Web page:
And our last new preppers of the season are the Barber family, of Kansas.
Kevin sets the stage with a description of the typical, supposedly-ideal postwar American lifestyle. They live in the burbs, they work long hours at jobs they hate, they have bills for food/electricity/heating/airconditioning/TV/mobilephones/school/everything, “and that’s the problem.”
Kevin believes (probably correctly) that the national debt will continue to grow until “called” by our creditors, at which point he believes the “suburban dream will turn into a nightmare.” Pull the wool from over your eyes, folks, and wake up. The nightmare is already here – the System is just really good at covering it up and distracting you from it.
So, after recognizing that our society’s answer for Everything is simply ‘Make a Program and Throw Money At It’ (“Every problem we try to fix with a credit card!”), Kevin’s preparation for an oncoming economic collapse isn’t simply to turn his back on suburbia and go off-grid (like Joe from last week, which would be totally adequate). Instead, he’s pulling up stakes and moving to Costa Rica.
Though really, why Costa Rica? Do they want to be as far from the US as possible without leaving the continent? I feel like pretty much any dictator-free Central American country would have a similar environment and ethic; my third dad just got back from a two-month motorcycle trip through Mexico down to Guatemala, and it sounded just like the Costa Rica Kevin describes.
Kevin explains that they’re heading south (before the economy does) because he’s realized that living at a lower standard of living (a phrase solidly rooted in our culture’s Myth of Progress)— in other words, one somewhere a few rungs below the First-World industrial daydream he lived in the ’burbs—provides more opportunities for one to be self-reliant and therefore have a greater possibility of overall survival. As he says, “the typical Costa Rican doesn’t have as far to fall—they grow their own food, make their own power, and are used to living a simple life.” This is probably true. However, while it’s inspiring to see a suburban family from the West realize that it’s alright to live like the Rest, the bigger issue is all the folks from the ‘developing’/Third world/Global South who have been told that it’s the First World lifestyle they should be aspiring towards. It won’t do much good for all the Kevin Barbers in the world to move to the Costa Ricas of the world, if all the Costa Ricans of the world have been told for the last 50 years that they should want to be Kevin Barbers. Instead, everybody needs to realize that the Kevin Barber way of life just isn’t good for anybody.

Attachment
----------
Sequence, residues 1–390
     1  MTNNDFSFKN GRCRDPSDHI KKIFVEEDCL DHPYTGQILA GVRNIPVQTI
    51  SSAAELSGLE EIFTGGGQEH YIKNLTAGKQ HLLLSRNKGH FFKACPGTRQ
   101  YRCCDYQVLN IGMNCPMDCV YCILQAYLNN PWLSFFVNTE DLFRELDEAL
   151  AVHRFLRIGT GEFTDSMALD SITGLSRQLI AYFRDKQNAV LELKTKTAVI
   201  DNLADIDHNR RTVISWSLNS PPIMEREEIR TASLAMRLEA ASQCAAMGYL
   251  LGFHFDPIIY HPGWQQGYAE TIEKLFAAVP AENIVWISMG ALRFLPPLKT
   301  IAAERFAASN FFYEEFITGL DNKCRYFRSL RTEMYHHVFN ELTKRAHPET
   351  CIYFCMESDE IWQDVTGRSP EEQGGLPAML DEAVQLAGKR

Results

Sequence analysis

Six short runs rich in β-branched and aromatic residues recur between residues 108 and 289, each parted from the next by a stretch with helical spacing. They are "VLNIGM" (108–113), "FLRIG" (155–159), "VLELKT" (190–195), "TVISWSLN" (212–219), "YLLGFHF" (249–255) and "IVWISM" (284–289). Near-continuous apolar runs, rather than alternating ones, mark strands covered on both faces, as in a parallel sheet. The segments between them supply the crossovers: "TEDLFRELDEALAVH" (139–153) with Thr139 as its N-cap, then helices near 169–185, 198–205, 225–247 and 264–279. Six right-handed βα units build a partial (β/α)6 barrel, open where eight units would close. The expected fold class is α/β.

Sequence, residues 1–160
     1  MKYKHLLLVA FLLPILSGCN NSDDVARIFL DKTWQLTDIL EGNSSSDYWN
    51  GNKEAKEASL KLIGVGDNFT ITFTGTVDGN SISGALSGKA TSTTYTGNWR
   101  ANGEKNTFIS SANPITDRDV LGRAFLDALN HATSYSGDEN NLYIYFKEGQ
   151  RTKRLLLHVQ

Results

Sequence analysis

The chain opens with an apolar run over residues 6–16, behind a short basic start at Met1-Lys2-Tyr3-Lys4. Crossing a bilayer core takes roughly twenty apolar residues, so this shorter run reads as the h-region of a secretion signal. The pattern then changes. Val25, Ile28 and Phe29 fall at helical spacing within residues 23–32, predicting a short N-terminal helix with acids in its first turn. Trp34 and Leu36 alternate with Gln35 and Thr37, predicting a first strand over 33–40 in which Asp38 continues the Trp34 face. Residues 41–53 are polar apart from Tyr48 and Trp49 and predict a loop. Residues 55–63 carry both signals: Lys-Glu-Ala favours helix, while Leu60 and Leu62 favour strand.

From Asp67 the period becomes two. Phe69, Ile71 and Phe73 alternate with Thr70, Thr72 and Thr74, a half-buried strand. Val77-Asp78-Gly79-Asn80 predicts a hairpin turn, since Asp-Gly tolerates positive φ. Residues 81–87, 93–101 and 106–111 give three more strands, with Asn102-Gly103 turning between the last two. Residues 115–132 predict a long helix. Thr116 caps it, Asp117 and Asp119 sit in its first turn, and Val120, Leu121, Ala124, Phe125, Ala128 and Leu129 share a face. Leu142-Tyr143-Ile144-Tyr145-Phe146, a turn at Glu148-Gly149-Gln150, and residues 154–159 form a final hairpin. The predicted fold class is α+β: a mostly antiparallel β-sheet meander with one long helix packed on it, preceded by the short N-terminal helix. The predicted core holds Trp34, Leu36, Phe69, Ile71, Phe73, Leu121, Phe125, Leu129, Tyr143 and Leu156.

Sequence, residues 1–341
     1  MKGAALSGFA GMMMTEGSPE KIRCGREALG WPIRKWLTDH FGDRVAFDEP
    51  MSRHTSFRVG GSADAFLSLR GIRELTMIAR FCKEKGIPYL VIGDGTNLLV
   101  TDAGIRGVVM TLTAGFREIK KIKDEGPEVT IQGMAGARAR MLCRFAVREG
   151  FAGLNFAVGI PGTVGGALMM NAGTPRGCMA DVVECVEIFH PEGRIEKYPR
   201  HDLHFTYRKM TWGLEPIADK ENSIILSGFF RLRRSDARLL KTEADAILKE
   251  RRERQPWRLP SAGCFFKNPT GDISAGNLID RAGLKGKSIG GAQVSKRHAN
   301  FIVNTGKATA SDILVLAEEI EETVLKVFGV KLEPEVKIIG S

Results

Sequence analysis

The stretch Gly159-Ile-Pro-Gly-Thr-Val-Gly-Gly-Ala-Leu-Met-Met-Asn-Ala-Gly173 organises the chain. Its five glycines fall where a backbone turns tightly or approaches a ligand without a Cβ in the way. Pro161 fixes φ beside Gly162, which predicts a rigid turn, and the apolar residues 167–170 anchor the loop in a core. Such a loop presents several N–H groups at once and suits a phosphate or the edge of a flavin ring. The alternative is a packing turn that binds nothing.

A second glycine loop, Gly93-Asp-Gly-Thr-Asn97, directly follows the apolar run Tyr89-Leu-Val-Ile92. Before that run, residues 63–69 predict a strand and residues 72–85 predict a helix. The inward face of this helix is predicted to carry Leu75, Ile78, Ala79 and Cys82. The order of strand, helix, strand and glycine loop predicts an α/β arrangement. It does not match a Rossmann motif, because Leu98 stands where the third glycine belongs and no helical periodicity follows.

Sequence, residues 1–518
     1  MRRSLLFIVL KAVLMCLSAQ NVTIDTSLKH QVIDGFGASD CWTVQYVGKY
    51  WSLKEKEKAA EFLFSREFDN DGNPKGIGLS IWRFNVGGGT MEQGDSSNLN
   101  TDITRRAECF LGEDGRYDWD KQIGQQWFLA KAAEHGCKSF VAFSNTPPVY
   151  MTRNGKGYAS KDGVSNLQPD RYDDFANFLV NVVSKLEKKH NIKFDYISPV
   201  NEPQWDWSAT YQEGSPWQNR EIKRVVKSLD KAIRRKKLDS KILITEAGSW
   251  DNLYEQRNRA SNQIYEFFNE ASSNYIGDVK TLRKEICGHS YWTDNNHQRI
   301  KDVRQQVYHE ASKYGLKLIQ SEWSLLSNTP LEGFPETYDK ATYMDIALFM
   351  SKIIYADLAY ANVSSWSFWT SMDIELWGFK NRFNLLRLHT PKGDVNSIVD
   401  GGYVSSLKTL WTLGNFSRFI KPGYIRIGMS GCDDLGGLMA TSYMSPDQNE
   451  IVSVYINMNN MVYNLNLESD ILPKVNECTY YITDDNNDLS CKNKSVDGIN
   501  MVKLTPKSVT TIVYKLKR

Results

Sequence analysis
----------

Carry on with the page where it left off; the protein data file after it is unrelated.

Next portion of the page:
Unfortunately, while I guess his idea is okay, I’m not a big fan of how they implement it. Instead of selling off pretty much all their possessions and arriving with suitcases and not much else (making do with the necessities, like the locals), they elect to hire a shipping container to fill up “to jump-start our new life”.
At least they take some solar panels and a generator.
Thankfully, while he still hangs onto a lot of Stuff, Kevin at least realizes that “self-sufficiency isn’t about buying a lot of gear, but having skills.” WORD. I think it’s also about having a certain attitude, but that can come later. He goes on to admit that “despite living in Kansas”, they “don’t know much about growing [their] own food or butchering animals.” Yes, Kevin, because you live in the ’burbs. Joe and Wendy live in Kansas too, and do know about those things—but only because they’re unplugged. Even if you’re not living the self-reliant lifestyle, if you live in the ’burbs or anywhere else within the matrix, you really owe it to yourself to at least become familiar with such things.